- Commissioning and then marketising ‘providers’ for mental health and primary care is bound to be destabilising, and will further depersonalise any possible personal continuity of care. This happens because corporation and vocation have very different motivations and energies.
The result of such ‘efficiency’ reforms? Few patients now can name the GP, psychiatrist – or even psychologist – they last saw. What sort of human engagement are we providing?
Yet it is the quality of human engagement and understanding – more than anything else – that contains, comforts and sometimes can heal our kaleidoscopic mental anguish.
Neuroscience – now much vaunted – in fact contributes more as a kind of analytical translation than any effective balm or ‘cure’. Why else is mental dis-ease and illness both increasing and remaining so refractory to definitive treatments, despite so many new drugs and techniques? Why can our advances here never remotely match those, say, of vascular or ophthalmic surgery?
The answer is because so much of any therapeutic benefit we may have to offer the mentally anguished comes from its human nature and sense. And this nature and sense – when well attuned – generally can deepen and grow only with personal continuity. Such stability and familiarity is like the soil in which attachment, containment and affection may grow. And it is from these that our therapeutic fruits may then come: the repair of our wounds, the growth or our capacities, and the development of our resilience to life’s stresses, sorrows, and – not least – our own contradictions and complexities.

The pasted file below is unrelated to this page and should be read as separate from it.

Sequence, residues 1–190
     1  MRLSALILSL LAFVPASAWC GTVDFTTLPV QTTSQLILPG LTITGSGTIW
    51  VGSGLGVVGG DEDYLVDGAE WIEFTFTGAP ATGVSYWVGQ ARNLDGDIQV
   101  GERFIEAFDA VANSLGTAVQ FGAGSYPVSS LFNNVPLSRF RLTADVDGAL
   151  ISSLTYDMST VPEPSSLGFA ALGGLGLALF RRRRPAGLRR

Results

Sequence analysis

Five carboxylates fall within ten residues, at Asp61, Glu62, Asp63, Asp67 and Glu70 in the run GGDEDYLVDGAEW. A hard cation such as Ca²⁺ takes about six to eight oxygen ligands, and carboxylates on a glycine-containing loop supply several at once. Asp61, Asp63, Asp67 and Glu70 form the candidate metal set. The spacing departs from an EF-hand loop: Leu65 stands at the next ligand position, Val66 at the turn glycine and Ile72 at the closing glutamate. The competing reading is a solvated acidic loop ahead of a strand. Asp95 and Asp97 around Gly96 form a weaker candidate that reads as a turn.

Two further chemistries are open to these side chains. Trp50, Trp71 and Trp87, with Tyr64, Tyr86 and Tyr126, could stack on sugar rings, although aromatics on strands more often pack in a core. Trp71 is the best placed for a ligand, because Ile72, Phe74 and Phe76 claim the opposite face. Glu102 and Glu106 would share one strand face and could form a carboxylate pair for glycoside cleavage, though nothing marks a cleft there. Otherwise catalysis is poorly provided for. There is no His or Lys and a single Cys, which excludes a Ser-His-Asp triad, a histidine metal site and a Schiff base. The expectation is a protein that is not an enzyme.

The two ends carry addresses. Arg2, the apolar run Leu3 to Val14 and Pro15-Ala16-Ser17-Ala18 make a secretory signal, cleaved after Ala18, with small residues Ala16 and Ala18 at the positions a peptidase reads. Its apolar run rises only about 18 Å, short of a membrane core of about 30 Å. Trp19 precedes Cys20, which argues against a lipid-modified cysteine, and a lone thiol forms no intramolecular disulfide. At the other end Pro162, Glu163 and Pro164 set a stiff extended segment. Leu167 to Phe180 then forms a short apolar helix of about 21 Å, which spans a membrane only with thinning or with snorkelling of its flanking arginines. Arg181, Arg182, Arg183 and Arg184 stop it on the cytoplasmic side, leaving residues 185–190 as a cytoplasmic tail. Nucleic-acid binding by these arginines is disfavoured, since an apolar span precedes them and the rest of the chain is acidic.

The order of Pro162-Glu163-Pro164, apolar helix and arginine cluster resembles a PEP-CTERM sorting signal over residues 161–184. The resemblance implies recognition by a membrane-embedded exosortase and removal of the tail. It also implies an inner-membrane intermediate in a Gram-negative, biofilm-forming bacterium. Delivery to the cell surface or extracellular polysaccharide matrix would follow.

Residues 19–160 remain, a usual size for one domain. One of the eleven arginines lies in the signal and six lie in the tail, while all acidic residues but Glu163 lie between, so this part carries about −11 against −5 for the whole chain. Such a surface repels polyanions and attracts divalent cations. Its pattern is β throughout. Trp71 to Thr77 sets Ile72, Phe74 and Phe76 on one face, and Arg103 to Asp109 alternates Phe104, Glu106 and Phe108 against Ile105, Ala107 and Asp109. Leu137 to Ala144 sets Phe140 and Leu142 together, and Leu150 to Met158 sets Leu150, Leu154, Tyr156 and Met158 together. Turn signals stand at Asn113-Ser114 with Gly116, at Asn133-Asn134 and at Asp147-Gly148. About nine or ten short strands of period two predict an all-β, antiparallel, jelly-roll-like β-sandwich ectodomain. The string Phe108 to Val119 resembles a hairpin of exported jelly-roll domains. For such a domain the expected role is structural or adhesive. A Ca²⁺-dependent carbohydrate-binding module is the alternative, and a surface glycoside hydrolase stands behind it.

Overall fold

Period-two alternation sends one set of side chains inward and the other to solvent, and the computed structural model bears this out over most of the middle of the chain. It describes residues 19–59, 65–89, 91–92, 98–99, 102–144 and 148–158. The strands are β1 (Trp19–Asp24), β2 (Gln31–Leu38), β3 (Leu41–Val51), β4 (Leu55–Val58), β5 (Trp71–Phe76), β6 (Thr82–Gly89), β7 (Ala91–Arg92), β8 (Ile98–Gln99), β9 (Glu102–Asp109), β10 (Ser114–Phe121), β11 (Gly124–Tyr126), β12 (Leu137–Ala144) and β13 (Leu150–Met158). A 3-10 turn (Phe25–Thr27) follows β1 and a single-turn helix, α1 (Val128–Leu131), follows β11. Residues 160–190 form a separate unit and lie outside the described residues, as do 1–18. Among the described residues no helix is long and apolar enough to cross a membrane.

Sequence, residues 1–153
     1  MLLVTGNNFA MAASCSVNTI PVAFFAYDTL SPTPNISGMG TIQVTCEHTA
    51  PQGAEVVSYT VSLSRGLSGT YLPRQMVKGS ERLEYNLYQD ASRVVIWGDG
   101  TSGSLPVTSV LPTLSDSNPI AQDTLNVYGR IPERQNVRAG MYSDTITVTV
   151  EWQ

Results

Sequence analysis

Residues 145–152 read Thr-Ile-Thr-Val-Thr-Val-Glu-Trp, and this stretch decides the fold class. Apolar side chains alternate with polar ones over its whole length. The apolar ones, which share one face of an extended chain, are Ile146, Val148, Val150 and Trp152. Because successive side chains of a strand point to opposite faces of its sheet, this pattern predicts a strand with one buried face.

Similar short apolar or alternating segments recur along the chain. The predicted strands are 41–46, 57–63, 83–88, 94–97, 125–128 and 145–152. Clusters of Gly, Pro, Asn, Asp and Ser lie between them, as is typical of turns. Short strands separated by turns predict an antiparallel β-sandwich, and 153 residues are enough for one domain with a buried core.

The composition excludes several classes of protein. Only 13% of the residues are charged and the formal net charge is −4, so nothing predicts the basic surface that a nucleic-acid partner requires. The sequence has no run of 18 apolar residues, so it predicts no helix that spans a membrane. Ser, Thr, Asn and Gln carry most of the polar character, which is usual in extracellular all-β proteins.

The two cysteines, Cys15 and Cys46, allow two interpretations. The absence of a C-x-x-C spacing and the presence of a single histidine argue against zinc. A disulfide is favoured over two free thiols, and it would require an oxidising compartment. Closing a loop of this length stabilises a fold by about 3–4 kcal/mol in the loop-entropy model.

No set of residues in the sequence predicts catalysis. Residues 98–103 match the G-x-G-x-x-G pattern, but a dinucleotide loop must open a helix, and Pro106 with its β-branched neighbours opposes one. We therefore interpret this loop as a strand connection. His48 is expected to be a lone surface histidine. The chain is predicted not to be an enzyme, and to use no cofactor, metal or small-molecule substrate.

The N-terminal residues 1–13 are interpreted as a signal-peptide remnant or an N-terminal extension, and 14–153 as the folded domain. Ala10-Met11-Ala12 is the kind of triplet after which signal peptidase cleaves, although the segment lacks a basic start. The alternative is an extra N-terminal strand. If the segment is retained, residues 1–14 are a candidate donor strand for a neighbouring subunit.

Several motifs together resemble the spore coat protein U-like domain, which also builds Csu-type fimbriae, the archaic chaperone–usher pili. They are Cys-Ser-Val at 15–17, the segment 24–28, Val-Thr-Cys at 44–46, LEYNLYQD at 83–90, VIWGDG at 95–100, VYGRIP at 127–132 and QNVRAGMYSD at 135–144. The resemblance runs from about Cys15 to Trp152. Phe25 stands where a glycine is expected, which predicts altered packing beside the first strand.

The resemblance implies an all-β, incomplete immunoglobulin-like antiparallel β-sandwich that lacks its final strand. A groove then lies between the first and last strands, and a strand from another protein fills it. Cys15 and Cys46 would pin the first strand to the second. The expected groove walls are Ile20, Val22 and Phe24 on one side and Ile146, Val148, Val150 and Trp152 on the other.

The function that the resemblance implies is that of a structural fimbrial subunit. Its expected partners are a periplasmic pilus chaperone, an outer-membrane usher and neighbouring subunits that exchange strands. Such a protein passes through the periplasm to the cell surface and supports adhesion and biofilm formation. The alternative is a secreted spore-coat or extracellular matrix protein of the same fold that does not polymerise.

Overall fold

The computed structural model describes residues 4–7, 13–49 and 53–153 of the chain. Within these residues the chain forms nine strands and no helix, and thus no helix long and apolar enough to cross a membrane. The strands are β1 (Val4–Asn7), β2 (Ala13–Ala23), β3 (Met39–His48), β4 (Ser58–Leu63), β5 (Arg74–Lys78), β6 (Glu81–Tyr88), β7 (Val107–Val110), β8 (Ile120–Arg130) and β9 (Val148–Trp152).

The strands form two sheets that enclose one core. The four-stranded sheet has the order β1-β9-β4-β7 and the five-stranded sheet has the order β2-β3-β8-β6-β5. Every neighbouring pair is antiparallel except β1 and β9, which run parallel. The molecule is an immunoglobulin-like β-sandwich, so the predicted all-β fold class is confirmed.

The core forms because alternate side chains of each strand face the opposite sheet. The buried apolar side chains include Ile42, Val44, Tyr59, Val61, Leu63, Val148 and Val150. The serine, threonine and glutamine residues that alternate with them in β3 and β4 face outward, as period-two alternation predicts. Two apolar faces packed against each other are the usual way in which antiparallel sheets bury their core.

These lasting changes are much less likely to come from interventions that are primarily medical, procedural or behavioural – the husks of mental healthcare that are left if we remove its relationships and meaning. Yet such personal evisceration is largely the effect of our serial reforms – both on our pastoral healthcare in general, and our mental healthcare in particular.
Lack of funding or staff can certainly make our better personal and pastoral healthcare impossible. But merely providing more money, training and staff does not necessarily assure this better care: not if – as currently – we have systems that themselves are destructive or inimical to human attachments and understandings. Conversely, a system’s hospitality to personal continuity of care is a good index for the wholesome flourishing of these things. But an ailing, struggling service with poor staff health, morale, retention and recruitment is a reliable sign of their absence.
This latter scenario is our current situation in mental healthcare, and where we are in danger of heading – even with more resources.
So how do we reclaim and safeguard these better personal qualities for our health service in general, and our mental health services in particular?
I recently wrote a missive to the King’s Fund: Industrialised healthcare: how do we replant our human sense? and at the end of this, in Section 13, I list some suggestions.
Amidst your many responsibilities I hope you will find the time to consider these alternatives: I am, of course, interested in further dialogue.
Dr David Zigmond
1. I have had positive feedback from many veteran practitioners (and patients) on hearing this epigram: ‘Yes, that’s just what has happened …!’ is typical.
Many articles exploring similar themes are available via David Zigmond’s blog here. David would be pleased to receive your feedback.
The publisher is the Centre for Welfare Reform.
Mental Health and Continuity of Care © David Zigmond 2018.
All Rights Reserved. No part of this paper may be reproduced in any form without permission from the publisher except for the quotation of brief passages in reviews.